I attached machine screws to the body of the fan housing to create a stop for the lever that controls the volume of air going into the stove so that each test burn the air volume will be the same.

Assembled a thermometer stand to hold thermometer in pot while stove is heating. Long stemmed thermometer to keep my face away from hot stove and be able to monitor constantly.

All fuel and water has been weighed and are in individual containers ready to go

All materials are now in unheated greenhouse to be aclimated overnight in preparation for tomorrows tests. Three tests per stove will be made.

Tests will be made Saturday and results will be posted Monday

Any Comments? Anything I forgot?

machine screews to body Image

thermometer stand Image

fuel and water weighed Image

fuel in unheated greenhouse Image


Three tests for each stove have been completed.

After lighting, each stove was given one min. of time for tinder to ignite fuel and then pot of water containing two cups of water was placed onto stove. A clock was placed in a position to the rear and off to the side for photos to show min. into burn.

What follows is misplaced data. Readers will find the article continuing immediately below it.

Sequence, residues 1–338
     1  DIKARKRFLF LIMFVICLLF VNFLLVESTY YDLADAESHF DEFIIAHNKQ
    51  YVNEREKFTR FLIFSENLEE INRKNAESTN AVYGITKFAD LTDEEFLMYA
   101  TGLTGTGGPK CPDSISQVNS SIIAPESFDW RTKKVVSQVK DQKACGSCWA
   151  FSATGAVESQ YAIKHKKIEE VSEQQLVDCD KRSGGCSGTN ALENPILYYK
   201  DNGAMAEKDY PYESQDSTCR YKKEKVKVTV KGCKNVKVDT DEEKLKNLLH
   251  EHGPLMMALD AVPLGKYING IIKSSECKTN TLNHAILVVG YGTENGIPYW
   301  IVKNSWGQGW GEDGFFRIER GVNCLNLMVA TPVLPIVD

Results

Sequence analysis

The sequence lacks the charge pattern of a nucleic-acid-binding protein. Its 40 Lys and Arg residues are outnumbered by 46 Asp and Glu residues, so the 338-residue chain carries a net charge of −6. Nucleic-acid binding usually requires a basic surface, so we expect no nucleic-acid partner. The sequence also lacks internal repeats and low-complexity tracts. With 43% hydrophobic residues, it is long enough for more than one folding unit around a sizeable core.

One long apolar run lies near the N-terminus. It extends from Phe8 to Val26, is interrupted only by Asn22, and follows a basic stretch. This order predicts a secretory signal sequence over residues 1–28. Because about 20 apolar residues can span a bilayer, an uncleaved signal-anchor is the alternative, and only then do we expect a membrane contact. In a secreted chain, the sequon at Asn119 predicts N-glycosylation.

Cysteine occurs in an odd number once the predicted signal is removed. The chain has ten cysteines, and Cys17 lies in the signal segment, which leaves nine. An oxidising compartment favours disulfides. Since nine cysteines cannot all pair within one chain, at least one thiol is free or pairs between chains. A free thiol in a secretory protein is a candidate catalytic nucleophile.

Temperature of water, fuel and air was at 35 degrees for the first two sets of tests. The temperature for the third set of tests had risen to 37 degrees.

No photographs were taken of the first set of tests

This first photo shows both stoves packed with same amount of fuel.http://img.photobucket.com/albums/ ... ove024.jpg

The next six photos show the progression of testing the unmodified stove during the second set of tests.

Photo one: 2 min. into burnImage
Photo two: 3 min. into burn Image


Photo three: 3 1/2 min. into burnImage